While Barnes & Noble's stock fell 61% over the last year, analysts expect positive sales growth during the holiday season to significantly boost the outlook for the retailer.
One damper on Barnes & Noble's recently improving sales numbers is the caveat that the figure excludes sales of its Nook reader, whose unit ended the year with a $39 million loss.
CEO Ronald Boire called the loss "clearly unacceptable,” saying the unit is "looking for material improvement in the Nook operating costs going forward."
Barnes & Noble is expected to report another bump in same-store sales Thursday and is denying reports that it will be closing 197 stores by 2022. But it's the limited success of its Nook that is like an albatross around its neck— important to its customers but deadly to its bottom line.
The bookseller feels stuck with the Nook because the few fans it has are ardent ones, and major book readers (and e-book buyers).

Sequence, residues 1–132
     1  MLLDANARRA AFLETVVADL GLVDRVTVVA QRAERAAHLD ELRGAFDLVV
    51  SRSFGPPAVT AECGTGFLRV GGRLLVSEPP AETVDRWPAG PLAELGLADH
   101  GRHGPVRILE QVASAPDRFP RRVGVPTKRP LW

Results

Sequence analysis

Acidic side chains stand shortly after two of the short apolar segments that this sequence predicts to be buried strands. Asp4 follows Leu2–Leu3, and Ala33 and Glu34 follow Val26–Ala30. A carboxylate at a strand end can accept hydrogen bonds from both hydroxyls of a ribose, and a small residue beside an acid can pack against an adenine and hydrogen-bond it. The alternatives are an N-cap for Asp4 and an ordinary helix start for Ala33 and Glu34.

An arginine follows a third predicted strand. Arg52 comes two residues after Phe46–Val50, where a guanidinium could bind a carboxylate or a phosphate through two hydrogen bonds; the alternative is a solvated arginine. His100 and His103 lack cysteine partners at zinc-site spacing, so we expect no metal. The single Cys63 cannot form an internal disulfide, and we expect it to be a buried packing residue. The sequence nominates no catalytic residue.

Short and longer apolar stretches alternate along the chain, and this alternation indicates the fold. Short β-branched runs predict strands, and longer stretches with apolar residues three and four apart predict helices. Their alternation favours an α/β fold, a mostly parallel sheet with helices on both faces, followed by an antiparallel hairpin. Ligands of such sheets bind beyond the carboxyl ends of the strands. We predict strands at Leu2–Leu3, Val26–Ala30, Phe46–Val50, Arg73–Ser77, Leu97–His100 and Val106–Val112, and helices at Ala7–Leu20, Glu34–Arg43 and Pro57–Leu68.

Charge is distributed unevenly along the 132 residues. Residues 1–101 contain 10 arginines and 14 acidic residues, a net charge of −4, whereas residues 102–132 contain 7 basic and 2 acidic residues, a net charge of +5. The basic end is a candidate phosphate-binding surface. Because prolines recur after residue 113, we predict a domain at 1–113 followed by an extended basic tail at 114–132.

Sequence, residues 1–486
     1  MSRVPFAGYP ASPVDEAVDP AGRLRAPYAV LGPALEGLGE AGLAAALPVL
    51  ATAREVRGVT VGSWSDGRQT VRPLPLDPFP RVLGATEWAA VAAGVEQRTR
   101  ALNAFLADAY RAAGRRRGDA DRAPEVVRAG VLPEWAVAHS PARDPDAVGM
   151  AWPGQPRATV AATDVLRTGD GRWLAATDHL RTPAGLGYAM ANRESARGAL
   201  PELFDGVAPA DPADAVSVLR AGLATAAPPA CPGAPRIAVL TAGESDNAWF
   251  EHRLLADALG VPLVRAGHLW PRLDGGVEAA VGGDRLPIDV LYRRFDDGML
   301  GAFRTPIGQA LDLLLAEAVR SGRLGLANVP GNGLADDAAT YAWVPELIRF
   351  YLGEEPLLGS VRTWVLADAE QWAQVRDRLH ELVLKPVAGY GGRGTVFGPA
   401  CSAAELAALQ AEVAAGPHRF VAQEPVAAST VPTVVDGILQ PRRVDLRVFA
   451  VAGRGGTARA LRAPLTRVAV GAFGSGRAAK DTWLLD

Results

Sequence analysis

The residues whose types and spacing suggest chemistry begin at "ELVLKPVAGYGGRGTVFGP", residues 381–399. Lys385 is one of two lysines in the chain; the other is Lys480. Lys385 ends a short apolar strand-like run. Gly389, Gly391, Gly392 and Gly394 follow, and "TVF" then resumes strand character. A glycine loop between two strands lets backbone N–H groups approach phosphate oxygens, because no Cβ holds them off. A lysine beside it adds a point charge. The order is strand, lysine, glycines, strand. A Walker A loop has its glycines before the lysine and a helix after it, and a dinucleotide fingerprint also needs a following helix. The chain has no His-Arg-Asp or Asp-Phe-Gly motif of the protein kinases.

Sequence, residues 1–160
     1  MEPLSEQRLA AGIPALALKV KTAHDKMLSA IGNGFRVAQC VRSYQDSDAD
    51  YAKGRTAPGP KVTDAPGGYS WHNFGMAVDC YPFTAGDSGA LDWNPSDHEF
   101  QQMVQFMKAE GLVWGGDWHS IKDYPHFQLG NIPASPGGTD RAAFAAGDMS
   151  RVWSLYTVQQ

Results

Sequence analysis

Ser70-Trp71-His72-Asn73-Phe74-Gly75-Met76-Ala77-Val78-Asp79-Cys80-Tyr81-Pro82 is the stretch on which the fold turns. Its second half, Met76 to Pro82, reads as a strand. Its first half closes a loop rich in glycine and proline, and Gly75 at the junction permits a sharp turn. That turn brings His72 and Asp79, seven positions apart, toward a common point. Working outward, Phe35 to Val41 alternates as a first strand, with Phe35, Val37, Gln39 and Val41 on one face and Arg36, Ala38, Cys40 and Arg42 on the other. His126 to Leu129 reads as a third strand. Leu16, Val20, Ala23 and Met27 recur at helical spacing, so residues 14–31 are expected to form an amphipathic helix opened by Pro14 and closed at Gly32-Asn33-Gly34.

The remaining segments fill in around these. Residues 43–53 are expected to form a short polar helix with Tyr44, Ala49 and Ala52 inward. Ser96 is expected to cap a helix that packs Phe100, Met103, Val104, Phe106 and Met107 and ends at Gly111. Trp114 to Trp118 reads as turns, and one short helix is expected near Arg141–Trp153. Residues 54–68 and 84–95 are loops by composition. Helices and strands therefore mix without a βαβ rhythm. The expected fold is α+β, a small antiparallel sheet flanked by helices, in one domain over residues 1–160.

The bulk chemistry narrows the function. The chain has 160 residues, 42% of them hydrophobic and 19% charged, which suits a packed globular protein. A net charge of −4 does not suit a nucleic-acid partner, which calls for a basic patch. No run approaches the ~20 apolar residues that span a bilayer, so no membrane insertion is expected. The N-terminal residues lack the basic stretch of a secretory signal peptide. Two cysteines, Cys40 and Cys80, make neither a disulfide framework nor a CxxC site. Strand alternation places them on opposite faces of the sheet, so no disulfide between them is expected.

"You cannot just walk away from them," Gabelli & Co. analyst John Tinker, whose firm owns Barnes & Noble stock, told CBS Moneywatch. "We have a very, very complicated situation.”
As is often the case, Amazon looms large over Barnes & Noble’s fortunes in this area, with its Kindle e-reader the default device for many in the space. That ensures that Amazon will able to also sell more e-books.
Meanwhile, the New York City-based bookseller could continue to improve its sales picture—excluding sales of its Nook reader—by focusing on opening a greater number of smaller and more urban stores.
"Their biggest problem obviously is that their stores are very big," Tinker told CBS Moneywatch. "Their average size is about 26,000 square feet. So, how do you have a store that offers tremendous choices of books yet isn't too large?"